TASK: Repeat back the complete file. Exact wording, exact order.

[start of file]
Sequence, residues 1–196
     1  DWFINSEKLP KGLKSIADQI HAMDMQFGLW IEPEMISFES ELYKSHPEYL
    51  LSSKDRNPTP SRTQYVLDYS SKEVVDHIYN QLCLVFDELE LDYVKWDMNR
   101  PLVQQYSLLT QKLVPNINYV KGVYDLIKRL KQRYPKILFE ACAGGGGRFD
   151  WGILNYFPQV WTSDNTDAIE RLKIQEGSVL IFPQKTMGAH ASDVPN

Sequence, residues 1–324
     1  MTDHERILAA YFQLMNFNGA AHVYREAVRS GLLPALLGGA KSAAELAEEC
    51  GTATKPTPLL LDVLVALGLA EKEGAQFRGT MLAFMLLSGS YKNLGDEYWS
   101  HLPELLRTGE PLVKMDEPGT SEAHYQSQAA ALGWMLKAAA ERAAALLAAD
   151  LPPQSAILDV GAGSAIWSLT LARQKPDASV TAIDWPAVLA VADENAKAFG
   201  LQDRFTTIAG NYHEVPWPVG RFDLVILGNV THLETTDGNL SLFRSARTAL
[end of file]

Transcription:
Sequence, residues 1–196
     1  DWFINSEKLP KGLKSIADQI HAMDMQFGLW IEPEMISFES ELYKSHPEYL
    51  LSSKDRNPTP SRTQYVLDYS SKEVVDHIYN QLCLVFDELE LDYVKWDMNR
   101  PLVQQYSLLT QKLVPNINYV KGVYDLIKRL KQRYPKILFE ACAGGGGRFD
   151  WGILNYFPQV WTSDNTDAIE RLKIQEGSVL IFPQKTMGAH ASDVPN

Sequence, residues 1–324
     1  MTDHERILAA YFQLMNFNGA AHVYREAVRS GLLPALLGGA KSAAELAEEC
    51  GTATKPTPLL LDVLVALGLA EKEGAQFRGT MLAFMLLSGS YKNLGDEYWS
   101  HLPELLRTGE PLVKMDEPGT SEAHYQSQAA ALGWMLKAAA ERAAALLAAD
   151  LPPQSAILDV GAGSAIWSLT LARQKPDASV TAIDWPAVLA VADENAKAFG
   201  LQDRFTTIAG NYHEVPWPVG RFDLVILGNV THLETTDGNL SLFRSARTAL